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What is the 70's Chief Act?

By David Cornsilk  Posted by John Cornsilk (about the submitter)       (Page 1 of 3 pages)   No comments
Message John Cornsilk

What the 1970 Chiefs Act Is and Means:


The leadership of the CNO have depended upon the passage of time, the lack of information and the draw of the dominant culture upon our lives to give them free reign to control the
affairs of the Cherokee people from an illegal perch.

1. The United States Congress passed the Dawes Act in the 1890s to dissolve the governments of the Five Civilized Tribes.    

    Some tribes resisted, particularly the Cherokee Nation. The Dawes Act stated specifically that  its purpose was to divide up the

    tribal assets and terminate the existence of the governments of the Five Civilized Tribes.

2. The United States Congress passed the Curtis Act in 1898 to force the resistant tribes to agree to the allotment of their lands

     and dissolution of their governments. The Cherokee Nation agreed in 1901 and the end result was the allotment of tribal lands

     and assets through the creation of the Dawes Roll.

Analysis: In the latter part of the 19th Century, it was the intention of Congress to destroy the governments of the Five Civilized Tribes. All lands and moneys of the Nations were to be divided among the numerous citizens and the tribes would be no more. Everyone thought the Final Roll and the division of the assets was the end. It wasn't.

3. In 1906, Congress was informed by the Dawes Commission that despite their best efforts, parcels of land remained to be allotted or sold and they could not finish their work if the governments of the Five Civilized Tribes terminated in 1906.

4. The United States Congress passed the Five Civilized Tribes Act of 1906 which provided for the continuation of the governments of the Five Tribes in accordance with law and providing that the President of the United States or his designee could appoint a "chief" to carry out the unfinished business of their respective nations.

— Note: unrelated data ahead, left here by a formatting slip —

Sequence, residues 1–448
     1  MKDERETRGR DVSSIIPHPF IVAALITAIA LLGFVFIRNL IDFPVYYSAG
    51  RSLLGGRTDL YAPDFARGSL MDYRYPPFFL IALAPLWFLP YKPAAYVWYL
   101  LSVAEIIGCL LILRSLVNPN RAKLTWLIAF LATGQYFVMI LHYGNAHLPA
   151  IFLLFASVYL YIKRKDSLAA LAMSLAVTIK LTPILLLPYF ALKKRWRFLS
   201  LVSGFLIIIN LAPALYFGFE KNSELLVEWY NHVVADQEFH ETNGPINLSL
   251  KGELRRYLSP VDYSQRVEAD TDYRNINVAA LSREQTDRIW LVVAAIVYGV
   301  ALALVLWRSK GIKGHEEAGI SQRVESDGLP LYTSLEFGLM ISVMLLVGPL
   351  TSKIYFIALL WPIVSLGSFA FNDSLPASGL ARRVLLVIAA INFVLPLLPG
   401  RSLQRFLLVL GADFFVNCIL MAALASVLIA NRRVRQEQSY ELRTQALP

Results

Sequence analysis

Analysis: The lands of the tribe yet to sold or allotted were valuable assets that could not just be "taken" from the Indian people. The 1906 Five Tribes Act provided for only three things:
    a. The continued existence of the governments of the Five Tribes until Congress deemed otherwise.
    b. Those governments would be controlled in their actions in accordance with existing law. Since Oklahoma was not a state yet

         and state law doesn't apply anyway, the only laws existing at that time were federal laws, ie the Dawes Act and the Curtis Act

         and Cherokee law, ie the 1839 Constitution.
    c. The U.S. President would have the authority to appoint the principal officer of the Five Tribes.  The governments of the Five

        Civilized Tribes were saved from oblivion by the 1906 FTA. Without it, there would be no Cherokee Nation today. Yes, there 

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My name is John Cornsilk, I am Married, same lady 52 years. I am a Cherokee Citizen of the United Cherokee Nation (UCN) Also a member of the United Keetoowah band of Cherokee Indians in Oklahoma (UKB),and a member of the Cherokee Nation of Oklahoma (CNO) I live in Tahlequah Oklahoma, the Capital of the Cherokee Nation, also the (more...)
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